Thursday, January 8, 2009

Seafood Dinner

Man meet seafood, man meet crustacean, man meet mollusk, O man meet the forked branches of the old sea tree, then meet smoking hot oil. Oil from the Tuesday night, Man-fry still sticking to the kitchen walls, Wednesday night I rung the brine bell again and returned to the cochina. Being a fried fish newbie, I wanted to perfect my batter, and to be honest, I just wanted to chaw on some more jumbo prawn, on some more sea scallop, on some more diggity Carolina slaw.

Ah, but don't jump into your automobile and head to Carolina just yet. My fish monger, when queried, opened his mouth and divulged. You want a thicker breading? Dip your mollusk into a thicker liquid. Thicker liquids make more flour stick. The fish monger suggested milk; I bumped it up to heavy cream. (I may use heavy cream and an egg next time, btw.) Furthermore, to the flour, add spices: salt, pepper, cayenne pepper. Curry batter occurried to me, but heroically I resisted and stuck with some really nice, home-grown, organic cayenne from Penn. Mmm! What a gut schmeck!

There are some basic principles to understand and follow when deep frying fish: 1) get your oil ripping hot; 2) portion your fish pieces appropriately so that the breading and the fish finish cooking at approximately the same time: you want golden breading and done fish; 3) if you don't know how big or thick to slice your fish, head to a fish 'n chips place and figure it out for yourself; 4) before you dunk your fish in your heavy cream, clean it under cold water and pat it totally dry; 5) absolutely do not chince out on the salt; no salt, no flavor: put a bunch of it in with your flour and spices; 6) put "Blues Hit Bigtown" by Junior Wells on your turntable and crank that shit out.

Carolina Slaw

Dr. Crowbar introduced this recipe to me back in, oh, who knows, in Bloomington, IN.

Red cabbage, thinly shredded
A couple green onions, sliced thinly on the bias
Vinegar (white is fine), some lemon juice
Ketchup and hot sauce
Chili flakes, salt and pepper

Big mixing bowl

Steep your green onions, chili flakes and pepper in your vinegar and lemon juice for about ten minutes (at least) in your bowl. The vinegar punches the onions and knocks their essential life blood out of them. Add your ketchup and your hot sauce. I use Sriracha, a Vietnamese chili sauce, but you can use your favorite hot sauce, since it's your slaw. This constitutes your dressing.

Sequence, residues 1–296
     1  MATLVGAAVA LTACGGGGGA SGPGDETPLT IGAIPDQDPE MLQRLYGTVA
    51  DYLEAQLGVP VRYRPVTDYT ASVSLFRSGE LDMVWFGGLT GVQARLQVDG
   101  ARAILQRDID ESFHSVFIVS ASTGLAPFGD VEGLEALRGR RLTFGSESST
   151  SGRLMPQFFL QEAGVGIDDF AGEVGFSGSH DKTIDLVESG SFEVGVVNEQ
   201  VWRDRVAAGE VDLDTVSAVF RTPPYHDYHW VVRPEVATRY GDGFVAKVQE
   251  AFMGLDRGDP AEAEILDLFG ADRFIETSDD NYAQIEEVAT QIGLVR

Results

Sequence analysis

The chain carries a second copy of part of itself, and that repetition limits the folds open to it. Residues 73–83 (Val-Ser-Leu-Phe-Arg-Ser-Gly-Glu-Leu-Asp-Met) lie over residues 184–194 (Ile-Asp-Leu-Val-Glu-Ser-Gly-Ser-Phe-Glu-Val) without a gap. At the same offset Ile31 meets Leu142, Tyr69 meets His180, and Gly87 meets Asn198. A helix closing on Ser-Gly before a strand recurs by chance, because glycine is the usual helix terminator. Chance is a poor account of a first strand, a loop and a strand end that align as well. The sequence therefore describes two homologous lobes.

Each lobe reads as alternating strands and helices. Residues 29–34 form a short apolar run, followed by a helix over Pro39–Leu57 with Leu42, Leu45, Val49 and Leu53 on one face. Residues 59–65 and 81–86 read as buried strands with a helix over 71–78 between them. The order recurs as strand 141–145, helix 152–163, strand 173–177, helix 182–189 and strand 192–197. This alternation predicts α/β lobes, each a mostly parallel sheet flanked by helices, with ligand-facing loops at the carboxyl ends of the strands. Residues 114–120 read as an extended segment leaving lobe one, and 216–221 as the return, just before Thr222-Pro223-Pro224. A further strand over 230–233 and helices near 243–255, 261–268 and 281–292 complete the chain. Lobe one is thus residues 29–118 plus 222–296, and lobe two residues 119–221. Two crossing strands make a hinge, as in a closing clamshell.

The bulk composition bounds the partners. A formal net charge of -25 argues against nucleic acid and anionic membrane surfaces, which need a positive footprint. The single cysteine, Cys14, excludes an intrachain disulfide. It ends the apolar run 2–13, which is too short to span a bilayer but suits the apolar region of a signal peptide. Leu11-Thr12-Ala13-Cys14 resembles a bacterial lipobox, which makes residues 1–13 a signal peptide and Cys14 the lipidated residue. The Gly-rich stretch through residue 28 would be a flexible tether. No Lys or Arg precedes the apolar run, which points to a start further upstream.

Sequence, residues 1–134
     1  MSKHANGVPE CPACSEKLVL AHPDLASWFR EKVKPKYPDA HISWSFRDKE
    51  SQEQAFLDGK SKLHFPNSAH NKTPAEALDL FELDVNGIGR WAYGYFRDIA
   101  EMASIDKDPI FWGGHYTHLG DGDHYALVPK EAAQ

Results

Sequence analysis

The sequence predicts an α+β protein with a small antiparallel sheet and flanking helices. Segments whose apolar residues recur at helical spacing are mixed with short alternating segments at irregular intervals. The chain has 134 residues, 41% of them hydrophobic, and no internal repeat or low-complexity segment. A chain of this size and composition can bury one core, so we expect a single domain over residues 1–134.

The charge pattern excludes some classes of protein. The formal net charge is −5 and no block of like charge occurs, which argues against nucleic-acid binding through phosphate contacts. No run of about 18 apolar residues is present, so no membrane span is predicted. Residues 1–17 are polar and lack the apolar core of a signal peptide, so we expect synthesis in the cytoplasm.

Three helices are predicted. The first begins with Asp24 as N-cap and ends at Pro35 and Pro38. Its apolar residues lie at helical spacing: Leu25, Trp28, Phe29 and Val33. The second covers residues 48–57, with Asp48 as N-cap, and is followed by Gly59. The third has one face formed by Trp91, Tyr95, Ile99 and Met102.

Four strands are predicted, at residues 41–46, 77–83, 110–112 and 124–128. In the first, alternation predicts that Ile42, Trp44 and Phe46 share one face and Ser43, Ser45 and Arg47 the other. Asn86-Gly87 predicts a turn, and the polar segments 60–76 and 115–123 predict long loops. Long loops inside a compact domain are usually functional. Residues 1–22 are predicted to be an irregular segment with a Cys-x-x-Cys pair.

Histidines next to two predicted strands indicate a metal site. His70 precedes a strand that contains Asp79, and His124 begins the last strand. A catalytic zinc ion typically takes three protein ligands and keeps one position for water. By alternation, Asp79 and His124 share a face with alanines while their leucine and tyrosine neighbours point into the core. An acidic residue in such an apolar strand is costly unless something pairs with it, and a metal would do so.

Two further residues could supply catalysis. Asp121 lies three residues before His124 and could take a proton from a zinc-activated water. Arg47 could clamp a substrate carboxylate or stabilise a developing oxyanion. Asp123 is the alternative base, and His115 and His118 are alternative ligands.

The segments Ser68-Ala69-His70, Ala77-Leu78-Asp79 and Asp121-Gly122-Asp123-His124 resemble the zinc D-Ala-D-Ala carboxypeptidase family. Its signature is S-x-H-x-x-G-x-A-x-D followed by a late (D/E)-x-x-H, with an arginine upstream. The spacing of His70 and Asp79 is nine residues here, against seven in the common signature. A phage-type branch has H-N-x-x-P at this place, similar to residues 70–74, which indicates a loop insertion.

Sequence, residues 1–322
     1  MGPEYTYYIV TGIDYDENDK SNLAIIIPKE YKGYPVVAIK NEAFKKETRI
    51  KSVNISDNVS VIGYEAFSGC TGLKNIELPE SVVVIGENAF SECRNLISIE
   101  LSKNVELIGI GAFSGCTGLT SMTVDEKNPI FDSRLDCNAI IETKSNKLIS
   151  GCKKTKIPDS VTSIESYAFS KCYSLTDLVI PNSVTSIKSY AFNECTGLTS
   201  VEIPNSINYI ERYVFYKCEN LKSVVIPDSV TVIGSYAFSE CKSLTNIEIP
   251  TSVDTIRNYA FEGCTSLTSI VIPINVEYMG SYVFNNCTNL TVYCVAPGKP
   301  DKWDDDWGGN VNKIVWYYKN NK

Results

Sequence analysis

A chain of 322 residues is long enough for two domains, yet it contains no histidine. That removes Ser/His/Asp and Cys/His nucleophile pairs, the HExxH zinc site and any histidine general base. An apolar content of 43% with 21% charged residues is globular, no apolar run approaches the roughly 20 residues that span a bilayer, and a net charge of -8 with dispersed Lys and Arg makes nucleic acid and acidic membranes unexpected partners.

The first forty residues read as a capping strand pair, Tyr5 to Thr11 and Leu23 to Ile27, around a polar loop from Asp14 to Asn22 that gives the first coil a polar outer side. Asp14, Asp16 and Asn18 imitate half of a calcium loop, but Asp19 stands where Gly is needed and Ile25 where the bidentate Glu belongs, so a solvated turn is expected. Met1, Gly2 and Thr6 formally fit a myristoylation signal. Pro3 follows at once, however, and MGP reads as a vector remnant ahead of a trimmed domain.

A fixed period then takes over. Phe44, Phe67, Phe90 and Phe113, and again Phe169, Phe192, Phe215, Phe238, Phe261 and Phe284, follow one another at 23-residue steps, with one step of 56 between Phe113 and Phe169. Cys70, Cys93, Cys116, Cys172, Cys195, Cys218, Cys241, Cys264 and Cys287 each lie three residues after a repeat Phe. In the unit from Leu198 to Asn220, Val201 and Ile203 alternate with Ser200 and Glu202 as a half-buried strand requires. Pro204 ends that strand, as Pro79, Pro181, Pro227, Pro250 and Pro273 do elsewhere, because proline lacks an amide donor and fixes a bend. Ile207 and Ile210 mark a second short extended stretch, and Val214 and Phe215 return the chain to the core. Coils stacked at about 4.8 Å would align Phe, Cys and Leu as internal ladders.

Wash your hands and hand-toss the cabbage in your dressing, while salting for taste. If you are squeamish about germs or something, or if your cuticles are open wounds (vinegar stings), you can go ahead and wimp out with some traditional tossing device, but hands is more fun. How does it taste? You say it needs more Sriracha? Squirt some Sriracha on the heap. More ketchup? Repeat heap pummelage. Etc. This is your Carolina slaw; make it how you like it.

Now watch the video, "Fry them, fry them, FRY THEM!!!" Yes, videos are back. I posted "Fry them, fry them, FRY THEM!!!" on my new blog, Every Man His Own Football (see sidebar). See you there, Chooch. Jono


whit said...

mmm that looks really good!
i had some great fried fish, shrimp and hush puppies in florida.

i have a suggestion for you though.
can you do a recipe with beets?
i love beets
i mean i really love beets...mmm especially when they are roasted.
so you have a beet mission!

Jono Tosch said...


I do beets one way: I slice them potato chip thin on my Japanese mandolin, and then I plunge them into a pot of hot oil. In fact, I made some the other night. Be sure to salt all chips right when they come out of the oil.

Seth said...

When you start really thinking about the other things you could chuck into a vat of oil, well, the possibilities are just endless, aren't they?

Gregory said...

Braised Peasant and Invading Hordes

roast pan dripping with fat
13 invasion-minded strangers
5 innocent bystanding share croppers
fortified plantation walls
parsnip, celery, onion, salt

Obviously, you will need a lot of goose fat for the roast pan. Maybe roast geese for a quarter of a year before mounting the roast pan on the fortified wall and wait for your bumper harvest to attract strangers; douse in the oil, making sure to splatter the bystanders. Prepare the vegetables ahead of time, and place the meat in this bed while finishing in the oven. Make sure and ladle the juice over the top of the pile, or the bodies' skin will dry up. No one likes a tough invasion.